Launched in 1999, the Writing Assessment comprises two analytical writing tasks: one an opinion piece on an issue of the Educational Testing Service's choosing, the other a critique of a presented argument. The "tasks" are meant to complement each other, providing evidence of the examinees' ability to both make and analyze arguments. Like the Subject Test, this test can be taken on paper or electronically. Writing assessment scores range from 0 to 6.
Use of GRE Scores in Graduate Program Admissions Decisions
At every education level, controversy surrounds the use of standardized tests. According to the Business Council for Effective Literacy "objections [to standardized tests] tend to fall into two broad categories: their intrinsic defects and their misuse" (p. 6). At the turn of the twenty-first century national attention has turned to the Education Testing Service's GRE, with questions about GRE scores' assumed correlation with success in graduate school and issues of test fairness.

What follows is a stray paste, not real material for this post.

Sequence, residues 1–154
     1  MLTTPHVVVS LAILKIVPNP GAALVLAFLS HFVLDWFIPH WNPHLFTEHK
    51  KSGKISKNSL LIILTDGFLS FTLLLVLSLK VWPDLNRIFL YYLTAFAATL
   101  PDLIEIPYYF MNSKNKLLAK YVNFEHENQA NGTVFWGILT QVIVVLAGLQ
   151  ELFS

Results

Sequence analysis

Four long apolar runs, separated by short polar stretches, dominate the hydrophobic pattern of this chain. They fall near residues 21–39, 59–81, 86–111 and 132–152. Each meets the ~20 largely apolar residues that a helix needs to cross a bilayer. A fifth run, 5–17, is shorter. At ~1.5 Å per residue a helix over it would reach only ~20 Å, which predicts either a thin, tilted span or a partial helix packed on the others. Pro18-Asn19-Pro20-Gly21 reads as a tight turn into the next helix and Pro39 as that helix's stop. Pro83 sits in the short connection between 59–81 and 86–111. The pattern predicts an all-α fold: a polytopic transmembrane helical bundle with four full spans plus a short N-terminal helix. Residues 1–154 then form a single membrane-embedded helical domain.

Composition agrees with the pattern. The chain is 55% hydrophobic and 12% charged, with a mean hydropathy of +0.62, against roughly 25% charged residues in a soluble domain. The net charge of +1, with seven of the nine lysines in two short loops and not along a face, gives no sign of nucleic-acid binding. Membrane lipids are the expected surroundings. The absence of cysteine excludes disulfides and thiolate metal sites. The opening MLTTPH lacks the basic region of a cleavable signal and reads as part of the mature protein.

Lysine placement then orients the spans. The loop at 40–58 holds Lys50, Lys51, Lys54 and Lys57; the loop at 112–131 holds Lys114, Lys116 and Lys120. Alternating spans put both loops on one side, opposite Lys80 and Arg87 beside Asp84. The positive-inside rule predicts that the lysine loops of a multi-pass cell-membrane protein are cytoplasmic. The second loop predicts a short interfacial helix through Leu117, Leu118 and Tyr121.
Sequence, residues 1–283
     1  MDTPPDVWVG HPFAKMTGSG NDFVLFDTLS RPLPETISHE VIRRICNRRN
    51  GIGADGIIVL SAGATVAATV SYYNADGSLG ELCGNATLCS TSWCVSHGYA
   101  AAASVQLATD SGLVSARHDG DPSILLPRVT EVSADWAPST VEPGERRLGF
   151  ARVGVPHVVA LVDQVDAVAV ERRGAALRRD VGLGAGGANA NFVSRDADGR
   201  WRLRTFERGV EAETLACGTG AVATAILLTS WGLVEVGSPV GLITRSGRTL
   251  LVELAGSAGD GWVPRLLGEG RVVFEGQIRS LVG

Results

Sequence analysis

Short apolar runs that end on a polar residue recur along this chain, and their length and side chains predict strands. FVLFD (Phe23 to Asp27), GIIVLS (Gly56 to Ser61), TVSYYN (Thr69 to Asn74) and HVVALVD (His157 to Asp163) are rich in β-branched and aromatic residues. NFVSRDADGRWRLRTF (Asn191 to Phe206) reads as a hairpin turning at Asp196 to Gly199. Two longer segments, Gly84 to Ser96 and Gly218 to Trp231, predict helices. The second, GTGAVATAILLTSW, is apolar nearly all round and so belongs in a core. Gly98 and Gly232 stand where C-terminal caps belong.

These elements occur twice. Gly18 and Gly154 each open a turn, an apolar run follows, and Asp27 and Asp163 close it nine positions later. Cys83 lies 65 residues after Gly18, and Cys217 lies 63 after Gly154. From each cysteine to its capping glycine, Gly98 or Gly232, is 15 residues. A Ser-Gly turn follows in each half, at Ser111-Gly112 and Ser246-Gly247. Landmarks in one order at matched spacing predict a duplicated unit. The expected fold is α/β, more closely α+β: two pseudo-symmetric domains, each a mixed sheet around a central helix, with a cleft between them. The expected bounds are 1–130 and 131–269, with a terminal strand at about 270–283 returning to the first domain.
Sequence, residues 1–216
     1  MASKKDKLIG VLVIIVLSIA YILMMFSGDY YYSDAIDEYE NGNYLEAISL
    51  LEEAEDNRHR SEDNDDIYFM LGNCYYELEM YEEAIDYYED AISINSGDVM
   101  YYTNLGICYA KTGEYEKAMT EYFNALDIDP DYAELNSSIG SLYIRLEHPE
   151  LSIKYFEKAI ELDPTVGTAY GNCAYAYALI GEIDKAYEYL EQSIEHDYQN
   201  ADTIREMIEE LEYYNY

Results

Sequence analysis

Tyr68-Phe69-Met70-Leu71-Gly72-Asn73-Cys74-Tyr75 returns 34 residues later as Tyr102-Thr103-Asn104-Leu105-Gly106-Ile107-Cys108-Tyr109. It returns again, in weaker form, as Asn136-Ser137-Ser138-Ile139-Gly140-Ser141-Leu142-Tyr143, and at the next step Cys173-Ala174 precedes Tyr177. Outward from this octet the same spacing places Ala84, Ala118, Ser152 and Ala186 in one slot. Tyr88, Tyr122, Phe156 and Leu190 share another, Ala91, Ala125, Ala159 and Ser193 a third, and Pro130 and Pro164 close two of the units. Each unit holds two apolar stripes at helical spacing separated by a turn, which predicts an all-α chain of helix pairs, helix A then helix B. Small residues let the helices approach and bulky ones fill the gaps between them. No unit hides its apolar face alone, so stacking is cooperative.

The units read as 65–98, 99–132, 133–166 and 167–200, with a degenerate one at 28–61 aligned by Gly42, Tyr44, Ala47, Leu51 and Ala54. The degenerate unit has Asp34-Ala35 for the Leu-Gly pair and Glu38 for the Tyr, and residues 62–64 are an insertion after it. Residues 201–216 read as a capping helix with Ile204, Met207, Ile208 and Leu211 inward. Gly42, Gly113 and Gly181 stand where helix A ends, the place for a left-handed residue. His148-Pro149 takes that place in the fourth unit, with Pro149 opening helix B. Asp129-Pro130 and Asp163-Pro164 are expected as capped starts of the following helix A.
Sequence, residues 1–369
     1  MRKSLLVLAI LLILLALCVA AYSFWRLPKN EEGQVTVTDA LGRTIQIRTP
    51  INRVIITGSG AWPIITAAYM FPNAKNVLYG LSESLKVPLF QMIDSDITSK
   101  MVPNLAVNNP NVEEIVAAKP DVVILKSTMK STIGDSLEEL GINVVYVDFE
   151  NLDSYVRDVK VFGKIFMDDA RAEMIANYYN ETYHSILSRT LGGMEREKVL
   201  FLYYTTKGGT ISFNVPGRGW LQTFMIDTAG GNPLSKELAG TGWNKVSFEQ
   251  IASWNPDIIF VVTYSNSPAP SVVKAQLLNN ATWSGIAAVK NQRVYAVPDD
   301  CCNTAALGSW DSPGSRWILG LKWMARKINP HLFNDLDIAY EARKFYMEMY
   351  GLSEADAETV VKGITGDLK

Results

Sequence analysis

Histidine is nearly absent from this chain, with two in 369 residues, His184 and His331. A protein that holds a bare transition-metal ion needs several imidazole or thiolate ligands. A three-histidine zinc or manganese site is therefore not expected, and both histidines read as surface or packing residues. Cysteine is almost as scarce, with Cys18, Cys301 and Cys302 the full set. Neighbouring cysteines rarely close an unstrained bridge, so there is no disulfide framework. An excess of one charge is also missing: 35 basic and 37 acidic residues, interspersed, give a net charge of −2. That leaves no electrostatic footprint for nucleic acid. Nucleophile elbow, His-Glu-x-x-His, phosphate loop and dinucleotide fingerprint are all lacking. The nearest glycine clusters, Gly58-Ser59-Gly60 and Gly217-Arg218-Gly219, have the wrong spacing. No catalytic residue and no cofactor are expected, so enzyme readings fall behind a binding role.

According to ETS, the Graduate Record Examinations measure general skills acquired over time. The scores have been validated for use in graduate admissions, fellowship selection, and other assessments related to graduate study. When interpreted and applied properly, GRE test scores can be helpful in admissions decisions. In the United States, master's and doctoral level admissions decisions are often based on a number of factors, including grade point averages (GPAs), transcripts from previously attended higher education institutions, GRE General Test scores, letters of recommendation, personal statements, self-reported information, and in some cases GRE Subject Tests, Writing Assessments, and personal portfolios. Problems arise when departments and colleges heavily rely on GRE scores, rather than considering all the information available on the student. As Judith Toyama states, "All too often, [GRE] scores, because they are numerical, [thus quantifiable], are given more importance" (p. 34). As a result of this pervasive misuse, the GRE is seen as a "gatekeeper" of minority and female–typically lower-scoring groups–access to graduate education. Many graduate schools use a combination of the verbal and quantitative section scores when considering applicants. How well does this composite predict academic success in graduate school? Peter Sacks, using data compiled by ETS, states, "Data from 1,000 graduate departments covering some 12,000 test-takers show that GRE scores could explain just 9 percent of the variation in grades of first year graduate students." Some studies have shown, however, that a combination of GRE scores and grade point averages can be indicative of student success.